Bioarchaeology occupies a prominent position in the book, as does the reconstruction of environment and palaeogeography in the valley. These are both areas in which Icelandic research has excelled in recent years, particularly in the broad constellation of projects operating within and around the North Atlantic Biocultural Organisation and the researchers at the University of Iceland and the Institute of Archaeology in Reykjavík. Pollen studies clearly demonstrate the environmental impact of the early settlers; the diet of the Mosfell chieftains is explored, and there is an interesting study of infectious disease.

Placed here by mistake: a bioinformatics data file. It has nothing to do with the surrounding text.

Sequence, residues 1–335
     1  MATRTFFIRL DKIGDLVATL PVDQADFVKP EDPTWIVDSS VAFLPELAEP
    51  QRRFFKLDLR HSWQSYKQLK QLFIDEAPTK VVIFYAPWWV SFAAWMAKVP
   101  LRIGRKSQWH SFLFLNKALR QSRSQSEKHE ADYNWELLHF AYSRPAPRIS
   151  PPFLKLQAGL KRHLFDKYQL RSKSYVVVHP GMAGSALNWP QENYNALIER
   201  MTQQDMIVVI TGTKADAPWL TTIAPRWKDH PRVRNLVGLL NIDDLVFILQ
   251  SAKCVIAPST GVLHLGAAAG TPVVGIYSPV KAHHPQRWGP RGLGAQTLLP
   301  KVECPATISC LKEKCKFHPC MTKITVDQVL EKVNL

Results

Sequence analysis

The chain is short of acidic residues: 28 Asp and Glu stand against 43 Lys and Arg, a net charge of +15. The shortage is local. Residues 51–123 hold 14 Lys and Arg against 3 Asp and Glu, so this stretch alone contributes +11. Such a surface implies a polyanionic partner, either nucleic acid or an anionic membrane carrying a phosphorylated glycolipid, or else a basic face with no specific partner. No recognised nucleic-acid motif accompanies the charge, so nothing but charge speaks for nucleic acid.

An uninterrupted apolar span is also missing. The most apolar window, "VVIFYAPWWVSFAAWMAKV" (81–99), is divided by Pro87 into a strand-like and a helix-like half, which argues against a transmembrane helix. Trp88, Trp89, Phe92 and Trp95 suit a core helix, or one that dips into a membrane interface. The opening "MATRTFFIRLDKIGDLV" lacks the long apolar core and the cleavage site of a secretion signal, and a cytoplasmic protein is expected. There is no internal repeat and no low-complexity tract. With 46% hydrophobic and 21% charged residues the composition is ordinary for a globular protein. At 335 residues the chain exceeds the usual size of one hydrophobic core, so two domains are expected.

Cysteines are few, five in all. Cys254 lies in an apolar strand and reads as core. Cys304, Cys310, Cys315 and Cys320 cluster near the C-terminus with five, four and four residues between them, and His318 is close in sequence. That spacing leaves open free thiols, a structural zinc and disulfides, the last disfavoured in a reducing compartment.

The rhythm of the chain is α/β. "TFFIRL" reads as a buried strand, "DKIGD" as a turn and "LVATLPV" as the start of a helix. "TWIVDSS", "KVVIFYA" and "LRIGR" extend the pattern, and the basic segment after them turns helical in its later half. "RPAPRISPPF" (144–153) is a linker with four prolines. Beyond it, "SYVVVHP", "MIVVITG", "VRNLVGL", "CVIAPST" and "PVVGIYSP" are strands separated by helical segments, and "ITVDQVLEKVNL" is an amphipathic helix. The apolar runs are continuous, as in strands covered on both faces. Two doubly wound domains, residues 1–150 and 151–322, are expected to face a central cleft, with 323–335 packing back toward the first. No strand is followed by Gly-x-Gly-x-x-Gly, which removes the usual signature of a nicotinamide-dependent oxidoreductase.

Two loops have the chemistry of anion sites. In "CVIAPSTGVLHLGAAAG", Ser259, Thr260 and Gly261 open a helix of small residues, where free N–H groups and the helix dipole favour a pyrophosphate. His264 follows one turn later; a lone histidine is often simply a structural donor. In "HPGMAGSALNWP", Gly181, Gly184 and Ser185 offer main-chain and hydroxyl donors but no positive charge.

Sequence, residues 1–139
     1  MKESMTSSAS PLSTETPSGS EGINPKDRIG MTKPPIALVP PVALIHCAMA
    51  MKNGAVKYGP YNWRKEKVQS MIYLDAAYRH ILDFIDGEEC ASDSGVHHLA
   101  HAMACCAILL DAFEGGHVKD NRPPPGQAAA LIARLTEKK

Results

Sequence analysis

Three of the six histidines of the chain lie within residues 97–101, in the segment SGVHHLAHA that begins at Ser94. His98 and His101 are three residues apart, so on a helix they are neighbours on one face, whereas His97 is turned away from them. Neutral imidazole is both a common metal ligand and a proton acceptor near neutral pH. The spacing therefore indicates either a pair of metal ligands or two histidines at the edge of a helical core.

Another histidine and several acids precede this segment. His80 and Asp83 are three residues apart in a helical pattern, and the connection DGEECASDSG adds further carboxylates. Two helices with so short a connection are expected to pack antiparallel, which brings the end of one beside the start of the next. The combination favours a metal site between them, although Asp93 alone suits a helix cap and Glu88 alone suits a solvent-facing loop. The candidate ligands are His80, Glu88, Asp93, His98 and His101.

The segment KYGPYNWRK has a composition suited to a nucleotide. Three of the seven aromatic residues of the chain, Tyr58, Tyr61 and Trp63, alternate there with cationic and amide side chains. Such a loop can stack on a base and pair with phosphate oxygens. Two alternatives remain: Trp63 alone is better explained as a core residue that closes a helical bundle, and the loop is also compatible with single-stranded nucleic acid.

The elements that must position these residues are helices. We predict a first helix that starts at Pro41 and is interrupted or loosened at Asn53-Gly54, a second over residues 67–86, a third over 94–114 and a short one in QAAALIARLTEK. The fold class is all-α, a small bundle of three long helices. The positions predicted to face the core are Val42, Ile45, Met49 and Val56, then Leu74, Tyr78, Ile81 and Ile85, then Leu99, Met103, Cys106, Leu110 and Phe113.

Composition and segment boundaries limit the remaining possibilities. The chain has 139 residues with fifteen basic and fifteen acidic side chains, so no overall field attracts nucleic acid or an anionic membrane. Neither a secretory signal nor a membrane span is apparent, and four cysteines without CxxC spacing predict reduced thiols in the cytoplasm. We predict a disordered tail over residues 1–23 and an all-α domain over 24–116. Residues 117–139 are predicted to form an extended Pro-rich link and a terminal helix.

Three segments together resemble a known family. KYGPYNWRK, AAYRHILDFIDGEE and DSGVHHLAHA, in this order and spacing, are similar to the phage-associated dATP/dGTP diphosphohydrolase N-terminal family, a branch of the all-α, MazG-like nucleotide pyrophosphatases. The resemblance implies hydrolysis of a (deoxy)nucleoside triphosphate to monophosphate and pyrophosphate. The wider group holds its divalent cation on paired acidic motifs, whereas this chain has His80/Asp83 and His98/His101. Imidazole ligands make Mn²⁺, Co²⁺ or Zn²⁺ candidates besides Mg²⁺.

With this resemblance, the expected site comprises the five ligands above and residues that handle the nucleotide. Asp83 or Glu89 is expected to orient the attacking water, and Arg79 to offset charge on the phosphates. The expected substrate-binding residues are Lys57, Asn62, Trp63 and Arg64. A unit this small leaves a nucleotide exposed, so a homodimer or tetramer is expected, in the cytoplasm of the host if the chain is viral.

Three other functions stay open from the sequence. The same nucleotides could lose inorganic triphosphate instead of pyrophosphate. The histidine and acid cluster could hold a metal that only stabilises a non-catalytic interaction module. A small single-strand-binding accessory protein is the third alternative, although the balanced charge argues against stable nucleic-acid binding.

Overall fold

It is a pleasure to note that the report is unusually well-written, and proves an engaging guide to a vanished world of high-status farmers at the European fringe. As a happy product of authors who clearly enjoy writing, there is also a link to what is undoubtedly the inspiration behind the entire project: the literary tradition surrounding Egill himself. Most particularly, a whole chapter is devoted to an empty grave excavated beneath the chancel of the later church, which Jesse Byock argues to have been an original burial place of Egill Skalla-Grímsson (the saga relates how his remains were moved several times). The editors make no apologies for their arguments that the Old Norse prose sources must be taken seriously, albeit with appropriate source critique, and in this respect their assertions find echoes all over northern Europe where archaeologists have been positively reassessing textual connections for the last two decades. What makes the Mosfell project unusual is its much tighter focus ultimately on the story of a single man and his environs, and moreover someone with a status akin to national hero (even the most widely-available Icelandic beer is named after him).